The claystones at the north-east of the field have been mapped by Ferrar and Hay with the Onerahi Series, but the author considers these probably overlie the Whangarei limestone. Hay's section (through drill-holes 2, 5, and 13, opp. p. 173, loc. cit.) clearly shows that drill-hole 13 was inconclusive. It is unlikely that a claystone slope could have persisted during the deposition of all the Whangarei beds, and should the claystones at 13 belong to the Onerahi Series, the fault postulated by Ferrar would be the more likely interpretation. Some miles to the west, at the Ruatangata lime-works, the claystones unconformably overlie the Whangarei limestone. The loose blocks of limestone occurring at Kawakawa, Ruatangata and elsewhere may have been residual before the deposition of the claystones.
Recent Age Determinations in North Auckland.
The following age determination was made by Dr. Finlay from formaminiferal rocks forwarded to him during the author's stay in North Auckland:—
Black Shale, Mangonui area; Tapuwaeroan.
Calcareous mudstone, half a mile south of Whangarei Hospital; Te Urian.
Specimens collected by Mr. C. A. Fleming from drill-holes at White Hills, Silverdale; mixture of faunas from Whangai to Bortonian.
Hydraulic limestone, Weiti Stream, one mile west of Silverdale. Soft limestones beneath Kaihu sands, from drill-holes at Mangawhare, Dargaville; three specimens.
Hydraulic limestones from 1,400 ft. drill-hole, Ruawai; specimens from various depths.
Calcareous mudstone, main road between Warkworth and Waiwera. three-quarters of a mile south-cast of Trig G. Calcareous shale, old lime-pit, Redvale.
Greensand, Pahi, beneath Hydraulic limestone, north contact. Marly mudstone from dyke in Whaingaroan sandstone, Pahi.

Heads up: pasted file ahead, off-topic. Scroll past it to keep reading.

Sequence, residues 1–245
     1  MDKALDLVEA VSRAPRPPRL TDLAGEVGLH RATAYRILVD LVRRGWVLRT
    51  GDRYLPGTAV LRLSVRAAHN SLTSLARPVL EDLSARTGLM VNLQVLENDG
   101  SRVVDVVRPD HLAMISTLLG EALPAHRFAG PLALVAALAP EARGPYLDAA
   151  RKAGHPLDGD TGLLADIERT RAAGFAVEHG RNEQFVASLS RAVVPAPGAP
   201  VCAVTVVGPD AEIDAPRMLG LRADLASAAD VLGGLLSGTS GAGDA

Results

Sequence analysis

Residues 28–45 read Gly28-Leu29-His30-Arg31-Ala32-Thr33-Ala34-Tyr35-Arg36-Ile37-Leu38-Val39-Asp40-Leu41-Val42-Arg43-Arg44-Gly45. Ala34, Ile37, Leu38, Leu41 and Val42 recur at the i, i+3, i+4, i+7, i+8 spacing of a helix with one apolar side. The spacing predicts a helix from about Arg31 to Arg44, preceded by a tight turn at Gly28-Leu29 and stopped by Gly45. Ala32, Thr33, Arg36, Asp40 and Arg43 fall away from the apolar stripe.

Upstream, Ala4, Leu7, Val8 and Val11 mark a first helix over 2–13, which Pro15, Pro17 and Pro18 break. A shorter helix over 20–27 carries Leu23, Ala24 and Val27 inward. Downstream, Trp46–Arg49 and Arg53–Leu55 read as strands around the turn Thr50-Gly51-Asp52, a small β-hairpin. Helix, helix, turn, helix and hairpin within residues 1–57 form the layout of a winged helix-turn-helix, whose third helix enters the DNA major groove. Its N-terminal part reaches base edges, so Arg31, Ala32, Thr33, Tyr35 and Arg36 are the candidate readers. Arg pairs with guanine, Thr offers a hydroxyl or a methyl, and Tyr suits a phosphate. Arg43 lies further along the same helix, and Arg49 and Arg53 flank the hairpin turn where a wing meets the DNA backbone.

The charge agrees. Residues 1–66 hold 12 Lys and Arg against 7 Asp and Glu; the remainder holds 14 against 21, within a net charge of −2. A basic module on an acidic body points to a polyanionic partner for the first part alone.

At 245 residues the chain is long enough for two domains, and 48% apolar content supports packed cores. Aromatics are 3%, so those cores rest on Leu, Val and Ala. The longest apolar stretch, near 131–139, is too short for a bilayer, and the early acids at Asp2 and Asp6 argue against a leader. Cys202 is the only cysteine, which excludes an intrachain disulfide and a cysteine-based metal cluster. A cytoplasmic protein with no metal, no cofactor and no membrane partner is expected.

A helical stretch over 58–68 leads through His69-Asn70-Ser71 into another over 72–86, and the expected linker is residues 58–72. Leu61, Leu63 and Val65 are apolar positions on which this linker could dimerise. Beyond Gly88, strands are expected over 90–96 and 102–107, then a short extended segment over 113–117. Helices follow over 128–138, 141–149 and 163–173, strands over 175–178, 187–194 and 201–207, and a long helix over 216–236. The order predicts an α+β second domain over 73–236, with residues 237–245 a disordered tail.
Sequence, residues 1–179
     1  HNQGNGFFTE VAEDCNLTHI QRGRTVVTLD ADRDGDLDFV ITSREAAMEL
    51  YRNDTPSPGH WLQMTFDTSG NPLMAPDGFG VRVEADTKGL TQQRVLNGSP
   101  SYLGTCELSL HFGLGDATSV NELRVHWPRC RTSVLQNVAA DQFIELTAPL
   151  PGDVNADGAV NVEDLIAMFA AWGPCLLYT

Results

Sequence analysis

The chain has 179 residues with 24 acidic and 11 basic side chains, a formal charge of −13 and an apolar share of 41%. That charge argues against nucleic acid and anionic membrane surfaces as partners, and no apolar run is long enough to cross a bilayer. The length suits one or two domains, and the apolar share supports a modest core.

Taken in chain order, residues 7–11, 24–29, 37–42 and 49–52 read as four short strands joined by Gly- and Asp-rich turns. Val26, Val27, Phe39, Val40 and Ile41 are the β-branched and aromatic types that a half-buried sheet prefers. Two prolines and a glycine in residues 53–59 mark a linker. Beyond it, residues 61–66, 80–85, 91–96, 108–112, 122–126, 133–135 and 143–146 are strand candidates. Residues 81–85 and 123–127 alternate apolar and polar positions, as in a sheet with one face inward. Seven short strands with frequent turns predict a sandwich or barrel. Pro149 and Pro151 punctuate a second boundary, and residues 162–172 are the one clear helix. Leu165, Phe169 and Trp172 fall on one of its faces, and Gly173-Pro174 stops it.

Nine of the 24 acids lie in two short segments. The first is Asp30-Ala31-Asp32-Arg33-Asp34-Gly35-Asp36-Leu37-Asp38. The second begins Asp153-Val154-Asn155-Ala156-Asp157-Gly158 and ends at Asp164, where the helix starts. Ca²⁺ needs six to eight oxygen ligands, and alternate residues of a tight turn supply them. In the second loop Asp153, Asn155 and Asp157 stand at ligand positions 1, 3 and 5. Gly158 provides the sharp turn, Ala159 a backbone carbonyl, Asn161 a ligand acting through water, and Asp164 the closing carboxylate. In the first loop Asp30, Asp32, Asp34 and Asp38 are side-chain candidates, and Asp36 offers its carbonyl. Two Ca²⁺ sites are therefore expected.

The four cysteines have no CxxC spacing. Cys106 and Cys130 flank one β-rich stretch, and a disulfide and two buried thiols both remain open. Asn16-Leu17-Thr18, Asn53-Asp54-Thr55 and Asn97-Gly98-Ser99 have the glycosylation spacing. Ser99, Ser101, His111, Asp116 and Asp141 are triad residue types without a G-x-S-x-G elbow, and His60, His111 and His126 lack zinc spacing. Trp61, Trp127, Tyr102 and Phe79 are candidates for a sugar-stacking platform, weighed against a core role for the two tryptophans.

Greensand, 100 ft. below Whangarei limestone, Whangarei Hospital. Greensand below Whangarei limestone, Ruatangata, three specimens, one immediately below the limestone.
Greensand beneath crystalline sandy limestone and banded calcareous sandstone, Skelton's Hill, Paparoa.
Greensand beneath white crystalline limestone, Okokaho, north-west of Kawakawa (could possibly be Bortonian).
Dark-coloured mudstone, main road, Waiare.
Banded sandstones, Pahi, three-quarters of a mile north-west of township.
Greensand immediately beneath Whangarei limestone, Whangarei Hospital.
Light-coloured sandy limestone from old quarry, Dairy Flat, resting on dark grey shales.
Harrington (1947) has also mentioned limestones considered to be Upper Cretaceous, Bortonian and Whaingaroan, from the Hokianga district.
Thus we have a number of previously undetermined Cretaceous rocks, some of which have been mapped in the Onerahi group, and their relationship to the overlying Tertiary beds is unknown. The Bortonian faunas have been obtained largely from argillaceous limestones of the Hydraulic type, and in one case from a greensand beneath. There appears to be widespread limestone or limestones of this stage, and these will constitute the Onerahi limestone proper.